Sunday, June 16, 2019

Father's Day without My Father

This is my first Father's Day without my father.  He died less than a month ago, on May 19.  He had been ill for some time, so it did not come as a surprise, but my world has shifted.  I am now a person with no living parents, and it feels different.

Surprisingly, my father, who outlived his first two wives, both of whom were younger than he, did not survive his third wife, who is older.  That's not how I expected it to happen.

When someone dies, there's an obituary.  Being the family genealogist, I was asked to write the first draft.  After some back and forth with additions and changes, one of the pieces of information that my sister added was that my father had served in the New Jersey National Guard for seven years.  After I thought about that for a little while, I realized it didn't add up right, based on what I knew of my father's moves to Florida and then back to New Jersey.  I told my sister about my uncertainty and that I did not think I could get verification in time for the obituary to be published.  She said she could just remove the reference; she was the one actually submitting the obituary.  When the obit came out, however, it was still there, albeit only as National Guard service, with no reference to New Jersey.

So then, as a genealogist, I was concerned that we had incorrect information in the obituary.  I had requested my father's records from the New Jersy National Guard, but, as expected, they arrived after the obit was online and in the newspaper.  I opened the envelope with a little trepidation, anxious to read just how long my father had been in the Guard.

You know how it's said that there's always something new to learn?  Well, that was the case here.  Daddy actually did serve in the National Guard for seven years — but only three of them were in New Jersey.  Four were in Florida!  Funny, he had never mentioned that when he talked about his time in the Guard.  But we only learned about it after he had died.


And little things like this help keep me distracted for a while.

Wednesday, May 8, 2019

Wedding Wednesday

Lucy Wynona McLaughlin married Daniel Edmund Caldwell on May 10, 1958 in Santa Monica, California at Saint Monica's Catholic Church.  Lucy was the half-sister of my ex and therefore the aunt of my stepsons.  While I still lived in Oakland, California, I learned through a probate file that she was living near me, so one day I bravely drove to her address and cold called in person.  I was fortunate that she was home and willing to talk with me.  I ended up visiting for four hours.  She allowed me to take home her wedding album and scan all the photos.  She was a stunningly beautiful bride.  She called me her "not quite sister-in-law."  I'm so happy I was able to meet her, and that her nephew David met her and her younger son.  I miss her a lot.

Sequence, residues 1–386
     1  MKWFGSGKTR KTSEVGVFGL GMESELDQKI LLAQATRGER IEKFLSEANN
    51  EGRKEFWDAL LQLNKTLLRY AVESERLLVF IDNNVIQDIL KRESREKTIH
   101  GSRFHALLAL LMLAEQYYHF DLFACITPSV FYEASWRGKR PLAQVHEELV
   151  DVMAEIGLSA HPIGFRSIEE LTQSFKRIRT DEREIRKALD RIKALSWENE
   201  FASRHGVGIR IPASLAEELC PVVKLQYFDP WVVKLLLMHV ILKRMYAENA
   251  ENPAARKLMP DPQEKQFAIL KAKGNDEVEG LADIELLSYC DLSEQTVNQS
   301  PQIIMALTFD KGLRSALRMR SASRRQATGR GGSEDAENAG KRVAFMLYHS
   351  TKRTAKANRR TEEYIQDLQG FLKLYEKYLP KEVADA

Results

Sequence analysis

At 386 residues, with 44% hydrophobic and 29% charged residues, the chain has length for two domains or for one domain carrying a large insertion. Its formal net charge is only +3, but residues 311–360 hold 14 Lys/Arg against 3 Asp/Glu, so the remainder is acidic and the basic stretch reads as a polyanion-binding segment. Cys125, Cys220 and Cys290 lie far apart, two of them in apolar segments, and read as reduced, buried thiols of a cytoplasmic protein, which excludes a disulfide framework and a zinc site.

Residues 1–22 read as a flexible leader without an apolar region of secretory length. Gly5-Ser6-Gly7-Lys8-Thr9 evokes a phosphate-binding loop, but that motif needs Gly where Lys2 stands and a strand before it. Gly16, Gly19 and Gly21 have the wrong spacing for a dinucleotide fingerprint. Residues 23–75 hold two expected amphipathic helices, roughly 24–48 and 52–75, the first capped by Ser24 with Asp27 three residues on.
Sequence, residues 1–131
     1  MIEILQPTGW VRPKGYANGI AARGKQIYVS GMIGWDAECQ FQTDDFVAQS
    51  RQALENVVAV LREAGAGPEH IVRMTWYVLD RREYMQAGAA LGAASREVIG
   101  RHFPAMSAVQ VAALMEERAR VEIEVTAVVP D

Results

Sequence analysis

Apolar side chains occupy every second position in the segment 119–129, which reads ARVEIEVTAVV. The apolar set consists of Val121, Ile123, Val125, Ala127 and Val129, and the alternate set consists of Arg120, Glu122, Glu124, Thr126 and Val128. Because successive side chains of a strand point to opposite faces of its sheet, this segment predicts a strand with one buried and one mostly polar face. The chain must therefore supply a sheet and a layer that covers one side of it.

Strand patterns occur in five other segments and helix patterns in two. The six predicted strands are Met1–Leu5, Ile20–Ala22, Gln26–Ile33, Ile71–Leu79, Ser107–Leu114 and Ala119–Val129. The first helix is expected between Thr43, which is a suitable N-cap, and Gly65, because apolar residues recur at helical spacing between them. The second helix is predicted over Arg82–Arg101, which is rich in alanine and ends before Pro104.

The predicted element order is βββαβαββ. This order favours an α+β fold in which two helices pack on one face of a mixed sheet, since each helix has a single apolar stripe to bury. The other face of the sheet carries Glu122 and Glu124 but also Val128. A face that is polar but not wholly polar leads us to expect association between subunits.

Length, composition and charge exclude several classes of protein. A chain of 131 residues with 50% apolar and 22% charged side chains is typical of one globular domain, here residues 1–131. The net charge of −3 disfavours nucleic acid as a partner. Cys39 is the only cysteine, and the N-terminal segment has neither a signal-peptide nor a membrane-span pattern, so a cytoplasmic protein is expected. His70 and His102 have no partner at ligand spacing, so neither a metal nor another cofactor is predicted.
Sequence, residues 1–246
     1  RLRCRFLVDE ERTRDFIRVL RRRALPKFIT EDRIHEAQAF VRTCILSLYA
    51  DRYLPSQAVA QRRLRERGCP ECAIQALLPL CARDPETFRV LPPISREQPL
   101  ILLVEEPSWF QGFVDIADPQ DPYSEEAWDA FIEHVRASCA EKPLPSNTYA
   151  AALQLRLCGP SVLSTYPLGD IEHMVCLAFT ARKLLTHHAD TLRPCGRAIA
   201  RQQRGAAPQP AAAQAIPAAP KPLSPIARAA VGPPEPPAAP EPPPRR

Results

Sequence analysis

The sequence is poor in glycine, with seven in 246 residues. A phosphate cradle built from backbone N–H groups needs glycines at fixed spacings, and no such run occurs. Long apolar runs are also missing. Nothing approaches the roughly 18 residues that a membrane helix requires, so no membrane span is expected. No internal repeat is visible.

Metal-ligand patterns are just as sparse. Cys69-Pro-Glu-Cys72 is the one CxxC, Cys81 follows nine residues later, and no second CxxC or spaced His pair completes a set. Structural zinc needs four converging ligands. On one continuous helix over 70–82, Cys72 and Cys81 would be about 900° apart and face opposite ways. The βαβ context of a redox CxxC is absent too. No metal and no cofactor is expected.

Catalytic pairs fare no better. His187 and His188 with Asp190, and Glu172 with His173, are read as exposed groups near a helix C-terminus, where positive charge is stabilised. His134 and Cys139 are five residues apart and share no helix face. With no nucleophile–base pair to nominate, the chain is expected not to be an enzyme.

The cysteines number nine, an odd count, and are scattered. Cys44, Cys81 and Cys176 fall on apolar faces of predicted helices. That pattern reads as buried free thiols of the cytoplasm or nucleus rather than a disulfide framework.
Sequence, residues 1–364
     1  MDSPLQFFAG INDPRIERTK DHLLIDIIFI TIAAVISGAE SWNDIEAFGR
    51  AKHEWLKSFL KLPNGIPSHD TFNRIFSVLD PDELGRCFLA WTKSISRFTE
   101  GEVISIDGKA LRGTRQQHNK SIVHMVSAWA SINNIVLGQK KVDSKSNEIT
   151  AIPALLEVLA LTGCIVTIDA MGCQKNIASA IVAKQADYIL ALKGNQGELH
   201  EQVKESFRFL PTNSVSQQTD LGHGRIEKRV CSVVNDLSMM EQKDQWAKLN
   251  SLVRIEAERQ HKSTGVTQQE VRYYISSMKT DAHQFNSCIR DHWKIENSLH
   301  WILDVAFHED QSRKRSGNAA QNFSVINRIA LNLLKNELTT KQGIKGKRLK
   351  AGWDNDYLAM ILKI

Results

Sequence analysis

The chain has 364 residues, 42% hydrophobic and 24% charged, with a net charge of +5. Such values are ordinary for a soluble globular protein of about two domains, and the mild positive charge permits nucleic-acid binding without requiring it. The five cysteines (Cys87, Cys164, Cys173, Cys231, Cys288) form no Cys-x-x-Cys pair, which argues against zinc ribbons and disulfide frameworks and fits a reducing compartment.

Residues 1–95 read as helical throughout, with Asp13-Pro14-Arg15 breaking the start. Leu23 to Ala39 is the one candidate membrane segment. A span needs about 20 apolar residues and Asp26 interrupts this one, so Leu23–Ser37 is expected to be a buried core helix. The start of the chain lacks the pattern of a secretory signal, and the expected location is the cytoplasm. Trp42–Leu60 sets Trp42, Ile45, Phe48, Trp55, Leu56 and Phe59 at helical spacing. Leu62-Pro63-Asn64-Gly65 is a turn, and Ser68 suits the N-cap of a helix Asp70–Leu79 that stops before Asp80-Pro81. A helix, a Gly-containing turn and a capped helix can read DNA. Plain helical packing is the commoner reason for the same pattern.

Lucy and father Karm Singh

Daniel Caldwell (right), probably with the best man

Lucy and Karm

Daniel and Lucy in the center, with flower girl Carol to the right

Saint Monica's Catholic Church

Lucy and Daniel during the recessional

Lucy and Daniel

Lucy and Daniel

Lucy and Daniel on the church steps

Daniel and Lucy

Daniel and Lucy

Daniel and Lucy with flower girl Carol

Daniel and Lucy

Daniel and Lucy


Lucy, Daniel, flower girl Carol, and Lucy's mother's family (I think)

Edmund, John, Lucy, Carol, ?, Hugh

Lucy, Daniel, flower girl Carol, and Daniel's family (I think)

Back row: Karm, Mary, Lucy, Daniel; front row: Hugh, Ed, John, Carol

Thursday, May 2, 2019

Remembering Lost Family Members on Yom HaShoah

Yechail Golubchik
Yom HaShoah is the annual day of commemoration to honor and remember the Jewish victims of the Holocaust during World War II.  It is usually held on the 27th of Nisan, which this year falls on May 2.

The following is the list of my known family members who died in the Holocaust.  They are all from the Mekler/Nowicki side of my family and lived in Grodno gubernia, Russian Empire (now in Belarus).  May their memory be for a blessing.

Beile Dubiner
Eliezer Dubiner
Herschel Dubiner
Moishe Dubiner
Sore (Mekler) Dubiner
Aidel Goldsztern
Golda Goldsztern
Josef Goldsztern
Pearl (Gorfinkel) Goldsztern
Tzvi Goldsztern
Esther Golubchik
Fagel Golubchik
Lazar Golubchik
Peshe (Mekler) Golubchik
Pinchus Golubchik
Yechail Golubchik
Mirka (Nowicki) Krimelewicz
— Krimelewicz
Beile Szocherman
Chanania Szocherman
Maishe Elie Szocherman
Perel Szocherman
Raizl (Perlmutter) Szocherman
Zlate Szocherman